6. Household incomes drop amid prolonged labor market weaknesses. Median inflation-adjusted household income fell 3.6 percent in 2008 and by another 0.7 percent in 2009. It stood at $49,777 in 2009, its lowest level in inflation-adjusted dollars since 1997. White family income stood at $54,461, compared to African American family income, which was $32,584, or 59.8 percent of white income. Hispanic family income was $38,039 in 2009, or 69.8 percent of white income.
7. Poverty continues to rise as incomes drop. The poverty rate stood at 14.3 percent in 2009—its highest rate since 1994. The African American poverty rate was 25.8 percent, the Hispanic rate was 25.3 percent, and the white rate was 9.4 percent in 2009. The poverty rate for children under the age of 18 stood at 20.7 percent. More than one-third of African American children (35.7 percent) lived in poverty in 2009 compared to 11.9 percent of white children and 33.1 percent of Hispanic children.
8. Employer-provided health insurance benefits continue to disappear. The share of people with employer-provided health insurance dropped from 64.2 percent in 2000 to 55.8 percent in 2009. This is the lowest share since 1987 when the Census started to track these data. Families’ income woes are thus further exacerbated by less access to affordable health insurance since families will have to save more than in the past to prepare for eventual economic emergencies.
9. Family wealth losses linger. Total family wealth was down $12.4 trillion (in 2011 dollars) from June 2007—its last peak—to March 2011 despite strong gains in the stock market since early 2009. Home equity stays low, such that homeowners on average still own only 38.0 percent of their homes, with the rest owed to banks. This is the lowest share on record going back to 1952. Households, already struggling with low incomes in a weak labor market, consequently feel growing pressure to save more and consume less. The personal savings rate increased from 2.3 percent of after-tax income in June 2007 to 5.1 percent in June 2011. The dual challenge of low income and wealth thus holds back consumption growth. (see Figure 2)
10. Households are burdened by large debt levels. Total household debt equaled 114.1 percent of after-tax income in March 2011. This is down from a record high of 130.2 percent in September 2007 but still higher than at any point before September 2004. This unprecedented household deleveraging resulted from a combination of factors—tight lending standards, falling interest rates, and massive foreclosures—that are slowly abating, suggesting that deleveraging will also slow unless incomes rise faster than they have in the past.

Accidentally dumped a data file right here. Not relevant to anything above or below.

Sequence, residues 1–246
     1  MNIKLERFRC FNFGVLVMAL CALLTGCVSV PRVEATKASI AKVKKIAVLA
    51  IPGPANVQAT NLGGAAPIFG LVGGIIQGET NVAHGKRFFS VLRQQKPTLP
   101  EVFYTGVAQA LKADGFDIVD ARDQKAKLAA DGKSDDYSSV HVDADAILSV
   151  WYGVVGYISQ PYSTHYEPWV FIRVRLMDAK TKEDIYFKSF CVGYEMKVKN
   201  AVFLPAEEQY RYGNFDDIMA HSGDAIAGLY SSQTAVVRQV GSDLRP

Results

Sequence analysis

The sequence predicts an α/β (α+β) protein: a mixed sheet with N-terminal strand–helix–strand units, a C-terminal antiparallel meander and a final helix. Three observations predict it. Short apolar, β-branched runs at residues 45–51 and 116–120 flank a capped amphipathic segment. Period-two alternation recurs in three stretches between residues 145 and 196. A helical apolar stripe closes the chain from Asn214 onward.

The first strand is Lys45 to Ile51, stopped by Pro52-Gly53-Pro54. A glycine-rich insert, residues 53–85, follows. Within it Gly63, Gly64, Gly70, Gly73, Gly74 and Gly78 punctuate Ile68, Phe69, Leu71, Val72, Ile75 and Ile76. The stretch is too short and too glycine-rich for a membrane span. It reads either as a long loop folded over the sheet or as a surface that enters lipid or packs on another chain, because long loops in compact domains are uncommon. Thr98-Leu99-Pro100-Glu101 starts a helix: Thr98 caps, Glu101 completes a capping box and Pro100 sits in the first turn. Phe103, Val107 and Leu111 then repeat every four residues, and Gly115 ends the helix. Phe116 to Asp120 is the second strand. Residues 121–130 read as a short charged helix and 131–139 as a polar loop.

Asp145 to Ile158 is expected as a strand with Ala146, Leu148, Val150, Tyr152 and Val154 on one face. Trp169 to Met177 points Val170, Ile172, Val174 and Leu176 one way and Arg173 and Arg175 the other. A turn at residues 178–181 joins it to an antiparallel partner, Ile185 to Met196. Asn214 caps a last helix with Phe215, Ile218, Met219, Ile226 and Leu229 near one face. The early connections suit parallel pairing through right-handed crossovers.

11. Financial distress is widespread among families. One in eight mortgages is delinquent or in foreclosure. The share of mortgages that were delinquent was 8.3 percent in the first quarter of 2011, and the share of mortgages that were in foreclosure was 4.5 percent at the same time. What’s more, credit card defaults amounted to a high 7.2 percent of all credit card debt by the first quarter of 2011—still 70.3 percent above the rate in fourth quarter of 2007 just before the Great Recession started. A weak job market coupled with massive wealth losses has pushed comparatively large shares of families into desperate situations. (see Figure 3)
12. Profitable corporations prioritize cash holdings and other activities over hiring. After-tax profits of nonfinancial corporations increased by 101.8 percent from December 2008, the most recent low point in profitability, to March 2011. Cash holdings rose to 13.1 percent of financial assets in March 2011 in the wake of higher profits. This was the highest level since June 1984. Nonfinancial corporations have built up more cash holdings since December 2007 even as they spent more than all of their after-tax profits—117.8 percent on average—on share repurchases and dividend payouts. The weak labor market is thus not a reflection of employers not having the money to hire more workers but rather employers not wanting to hire more workers in the face of weak domestic sales and preferring to spend their money on keeping their share prices high.